BRENTWOOD, Tenn. (AFX) - When Camille Walters plays soccer, her normally brown eyes have a spooky red tint. That's because the 15-year-old wears tinted contact lenses that block certain wavelengths of light and help athletes see better.
Oh, and they look cool, too.
'It gives me more confidence because you feel intimidating and bigger and stronger, kind of an ego-booster,' said Walters, who plays for Father Ryan, a Catholic high school in Nashville.
Walters and a growing number of other athletes are wearing the MaxSight lenses, which were developed jointly by Nike Inc. and contact lens maker Bausch & Lomb Inc.
The lens -- large enough to extend a ring around the iris -- comes in two colors: amber and grey-green.
The amber lens is for fast-moving balls sports, such as tennis, baseball, football or soccer. Grey-green is better for blocking glare for runners or helping a golfer read the contour of the ground.
Professional athletes tested the lenses last year before they were rolled out for general sales.
Golfer Michelle Wie and baseball players Ken Griffey Jr. and A.J. Pierzynski wear MaxSight lenses, along with members of Manchester United, the U.S. men's soccer team and the Texas Longhorns' football team.
'The bulk of the business we expect will be with the college, high school type athlete who is really looking for that edge,' Nike spokeswoman Joanie Komlos said. 'We've seen that sales are far exceeding our expectations, and we're going to continue to roll out distribution.'
The sport lenses can be purchased only through a doctor's office at a cost of $80 per box, $160 if the prescription for each eye varies.
Dr. Jeff Kegarise, an optometrist whose office is in Brentwood, has already prescribed the lenses for college baseball players, golfers, equestrian riders and tennis players.
'The first reaction from the first two people I fit in this, they went outside and said, 'This is really cool. It's like wearing sunglasses outside,'' Kegarise said.
Even though the amber lens is intended for outdoor use, he has an Arena Football League player who used them indoors because of the bright lights.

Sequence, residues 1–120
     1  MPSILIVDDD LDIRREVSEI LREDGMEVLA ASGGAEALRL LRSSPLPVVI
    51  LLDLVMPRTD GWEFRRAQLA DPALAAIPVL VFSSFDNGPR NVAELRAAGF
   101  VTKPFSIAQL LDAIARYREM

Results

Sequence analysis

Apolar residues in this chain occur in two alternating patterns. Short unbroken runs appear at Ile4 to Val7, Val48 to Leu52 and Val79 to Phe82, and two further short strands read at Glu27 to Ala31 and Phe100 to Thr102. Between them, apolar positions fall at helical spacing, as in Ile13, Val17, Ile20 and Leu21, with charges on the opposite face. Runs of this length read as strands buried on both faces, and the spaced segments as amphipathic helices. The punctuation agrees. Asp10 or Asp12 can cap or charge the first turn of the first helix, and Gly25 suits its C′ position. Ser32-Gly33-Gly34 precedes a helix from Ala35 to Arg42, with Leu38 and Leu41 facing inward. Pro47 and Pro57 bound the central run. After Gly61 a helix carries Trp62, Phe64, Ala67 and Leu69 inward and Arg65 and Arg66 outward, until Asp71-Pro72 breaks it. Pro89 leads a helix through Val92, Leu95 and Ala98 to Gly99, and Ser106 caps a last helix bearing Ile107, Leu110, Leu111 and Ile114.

Walters, who plays both for her high school and on a travel team, is farsighted and uses MaxSight prescription lenses, but they also come in a non-corrective version.
'It cut out some of the sun, so it wasn't as bright,' Walters said. 'It was easier to pick out where the ball was at times when it was in the air.'
But does the MaxSight lens give some athletes an unfair advantage? The associations that govern high school and college sports don't think so, but they're keeping an eye on the lenses.
Jerry Diehl, assistant director of the National Federation of State High School Associations in Indianapolis, said his group doesn't believe the lenses provide the competitive advantage that Nike claims.
The federation allows the lenses and puts them in the same category as sunglasses or corrective lenses. The NCAA also allows the sports lenses because it considers them similar to sunglasses.
But Diehl said he's worried about the perception of an unfair advantage.
'If one affluent team can get this, it forces everybody else to go out and do that,' Diehl said. 'Is it really something that makes a difference? In this instance, at this juncture anyway, it doesn't seem to be any better or any worse than allowing what is already under the rule.'
Dr. William Jones of Nashville said price will keep some athletes from buying the lenses, but he expects them to be popular on high school athletics teams in wealthier school districts.
Jones said his retired father wears the grey-green lens on the golf course and loves them.
'Most of these people, they're spending tons of money already on equipment, training and everything else. This is just a drop in the bucket for most of them; generally cost isn't much of an issue,' Jones said.
Copyright 2006 Associated Press. All rights reserved. This material may not be published, broadcast, rewritten, or redistributed.
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